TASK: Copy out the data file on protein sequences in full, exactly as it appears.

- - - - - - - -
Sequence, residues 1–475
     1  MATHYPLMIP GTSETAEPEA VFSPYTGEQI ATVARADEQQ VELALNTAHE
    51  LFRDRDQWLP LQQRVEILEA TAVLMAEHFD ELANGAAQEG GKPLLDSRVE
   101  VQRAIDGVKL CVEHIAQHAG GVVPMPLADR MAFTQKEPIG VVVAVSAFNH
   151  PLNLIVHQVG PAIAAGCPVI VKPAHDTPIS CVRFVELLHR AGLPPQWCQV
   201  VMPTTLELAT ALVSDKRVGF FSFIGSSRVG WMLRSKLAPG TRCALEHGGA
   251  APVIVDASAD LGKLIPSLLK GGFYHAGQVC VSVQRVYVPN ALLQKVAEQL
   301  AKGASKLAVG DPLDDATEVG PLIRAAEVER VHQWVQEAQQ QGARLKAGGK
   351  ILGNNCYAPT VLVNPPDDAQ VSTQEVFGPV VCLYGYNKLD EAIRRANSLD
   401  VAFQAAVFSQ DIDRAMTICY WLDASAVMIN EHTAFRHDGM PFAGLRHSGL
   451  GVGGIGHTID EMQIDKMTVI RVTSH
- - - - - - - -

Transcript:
Sequence, residues 1–475
     1  MATHYPLMIP GTSETAEPEA VFSPYTGEQI ATVARADEQQ VELALNTAHE
    51  LFRDRDQWLP LQQRVEILEA TAVLMAEHFD ELANGAAQEG GKPLLDSRVE
   101  VQRAIDGVKL CVEHIAQHAG GVVPMPLADR MAFTQKEPIG VVVAVSAFNH
   151  PLNLIVHQVG PAIAAGCPVI VKPAHDTPIS CVRFVELLHR AGLPPQWCQV
   201  VMPTTLELAT ALVSDKRVGF FSFIGSSRVG WMLRSKLAPG TRCALEHGGA
   251  APVIVDASAD LGKLIPSLLK GGFYHAGQVC VSVQRVYVPN ALLQKVAEQL
   301  AKGASKLAVG DPLDDATEVG PLIRAAEVER VHQWVQEAQQ QGARLKAGGK
   351  ILGNNCYAPT VLVNPPDDAQ VSTQEVFGPV VCLYGYNKLD EAIRRANSLD
   401  VAFQAAVFSQ DIDRAMTICY WLDASAVMIN EHTAFRHDGM PFAGLRHSGL
   451  GVGGIGHTID EMQIDKMTVI RVTSH